Resource center attempts to get homeless kids off the street

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Posted: Monday, November 16, 2015 --- 8:30 p.m.

MADISON, Wis. -- Decreasing the homeless rate of children in Madison is something a local organization wants to do, but they say it's not going to be easy.

Child homelessness is something you may not think about. In fact, some call it an invisible issue.

"You don't see them in front of the city, county building, you don't see them on state street," Cedric Johnson, Briarpatch Development Director, says.

However, that doesn't mean the problem is not there. Briarpatch Youth Services Center estimates that more than 50 children do not have a roof over their head at night.

Transitional Living Program Coordinator Tyler Schueffner says the majority of at-risk teens are not even seeking out services.

"People always want hard facts, like, 'This is who these kids are,' and we don't know quite honestly, because the kids who really need us or really are at most risk, stay really well hidden," Schueffner says.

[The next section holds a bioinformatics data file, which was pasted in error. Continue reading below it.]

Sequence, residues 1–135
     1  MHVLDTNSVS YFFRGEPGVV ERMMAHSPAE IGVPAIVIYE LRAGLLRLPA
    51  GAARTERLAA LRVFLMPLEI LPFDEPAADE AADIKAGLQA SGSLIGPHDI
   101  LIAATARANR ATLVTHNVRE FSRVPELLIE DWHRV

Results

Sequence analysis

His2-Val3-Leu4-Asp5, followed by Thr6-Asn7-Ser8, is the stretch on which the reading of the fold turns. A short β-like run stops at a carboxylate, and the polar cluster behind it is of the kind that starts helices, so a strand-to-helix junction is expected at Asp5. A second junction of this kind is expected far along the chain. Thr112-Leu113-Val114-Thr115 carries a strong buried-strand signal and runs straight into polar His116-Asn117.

He adds that many realize the stigma behind homelessness. It's not something they want to admit to people.

Briarpatch is trying to change that in what they call a judge-free zone.

"Even if they're fleeing from a court placement, we'll say, 'Hey, you know, you need to acknowledge that, but we want to make sure you're safe,'" Schueffner says.

They have two new shelters. One for children under 18, the other aimed at those ages 18 - 24. For the older residents, they say it's not just a holding place; they are teaching them life skills.

"All the things that I think a lot of people take for granted," Schueffner says. "We want to make sure that they at least get the information. They might not retain it, but it's a starting point for them to start to engage and learn about what it actually means to be an adult."

Hoping to be a positive resource and get them off the street for good.

Community members can get involved in that effort to get youth off the street. Briarpatch accepts monetary donations, as well as food, clothing and toiletries. Volunteer opportunities are also available.

For more information, visit www.youthsos.org.